Peter Spurway thinks I’m romanticizing Don “Fuzzy” Bacich’s legendary crankiness about patrons who wanted to slather his delicious French fries with ketchup:
“… and another bastion of quality and tradition falters.”
Tradition, yes. Quality? No.
Not providing something that many of your customers would like to have has nothing to do with quality. It has everything to do with the perspective of the owner. While I certainly grant the owner the right to fashion their product to their own liking, they have to accept that a percentage of their current and potential customers are not going to like it and it will be seen by some as a detraction from the offering.
A lazy choice of words on my part. Still, the eccentricity of refusing to supply ketchup at your chip wagon reflects a certain charming integrity.
Some guy named Silas* in Orangedale writes:
There is a funny contrast between the top two stories on contrarian tonight. One praises the unfortunately named Fuzzy’s Fries for refusing to bow to their customers’ wishes re condiments. The other criticizes Facebook for doing refusing to bow to it’s customers’ wishes re locations. Rooting for the little guy is a bias I share with Contrarian, but I’ll be darned if I can come up with a sensible justification.
How about persnicketiness? Will that do?
* [Disclosure: Orangedale resident Silas Barss Donham is my son.]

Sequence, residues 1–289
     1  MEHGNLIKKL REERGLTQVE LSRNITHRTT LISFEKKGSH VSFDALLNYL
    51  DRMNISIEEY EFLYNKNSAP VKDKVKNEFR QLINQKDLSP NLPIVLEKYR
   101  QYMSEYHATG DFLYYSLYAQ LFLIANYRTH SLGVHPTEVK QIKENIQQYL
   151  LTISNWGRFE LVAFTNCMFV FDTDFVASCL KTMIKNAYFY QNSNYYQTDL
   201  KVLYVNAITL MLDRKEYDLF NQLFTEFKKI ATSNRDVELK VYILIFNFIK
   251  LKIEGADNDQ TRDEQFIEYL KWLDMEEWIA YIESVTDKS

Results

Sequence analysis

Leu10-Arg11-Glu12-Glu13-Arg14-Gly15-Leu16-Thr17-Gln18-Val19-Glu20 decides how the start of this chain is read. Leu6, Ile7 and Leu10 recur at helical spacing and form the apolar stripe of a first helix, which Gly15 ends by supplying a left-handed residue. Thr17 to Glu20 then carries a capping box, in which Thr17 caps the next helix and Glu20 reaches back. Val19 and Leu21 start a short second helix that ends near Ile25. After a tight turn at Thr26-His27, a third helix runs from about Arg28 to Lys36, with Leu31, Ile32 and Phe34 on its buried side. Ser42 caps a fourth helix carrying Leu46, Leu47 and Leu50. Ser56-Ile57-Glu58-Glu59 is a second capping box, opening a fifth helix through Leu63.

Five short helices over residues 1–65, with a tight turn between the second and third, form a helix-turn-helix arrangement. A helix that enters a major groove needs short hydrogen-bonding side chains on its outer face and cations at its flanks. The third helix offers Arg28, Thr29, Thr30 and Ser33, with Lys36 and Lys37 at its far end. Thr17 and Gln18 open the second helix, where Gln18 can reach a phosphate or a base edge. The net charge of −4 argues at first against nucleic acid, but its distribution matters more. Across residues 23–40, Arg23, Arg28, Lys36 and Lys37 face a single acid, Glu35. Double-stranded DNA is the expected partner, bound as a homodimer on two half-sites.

Contrarian reader PC responds to our annoyance at our future king’s mispronunciation of the name of Canada’s 10th province:
I am more troubled by the many Canadians west of the Atlantic Provinces who use the same mispronunciation, including Carol Off on As It Happens just a few nights ago. How can someone who works for the CBC, where every national program announcement finishes with “half an hour later in …,” not say the name correctly without hesitation? For that matter, what excuse does anyone have for this mistake 60 years after Newfoundland joined Confederation?
(And, of course, the correct way to say a place name is the way the locals say it: “The Commons” in Halifax, “L’Ardoise” and “Port Mouton” elsewhere in NS, and “Etobicoke” in Ontario.)
Not sure which recent AIH episiode contains Off’s purported unpardonable, but in fairness, she pronounces our easternmost province more or less correctly in the closing credits of this recent show.
Contrarian’s personal favorite placename pronunciation remains, “Harve Boucher,” rhymes with tushy.
[UPDATE] Jeff from Halifax demurs:
I am with you on pronuncing local place names (e.g.: Trafalgar) the way those who live there pronounce them — EXCEPT when the pronounciation is just a misreading of the correct name. It is the Halifax Common. Period. No “s” at the end. Different word. If we keep going with the chopping up of the Common, then maybe we will have a plural version, but right now, I believe the lands are still contiguous, albeit smaller than the original version.
That’s a pretty big “if,” Jeff. The prescriptivists would say local usage rules, no exceptions.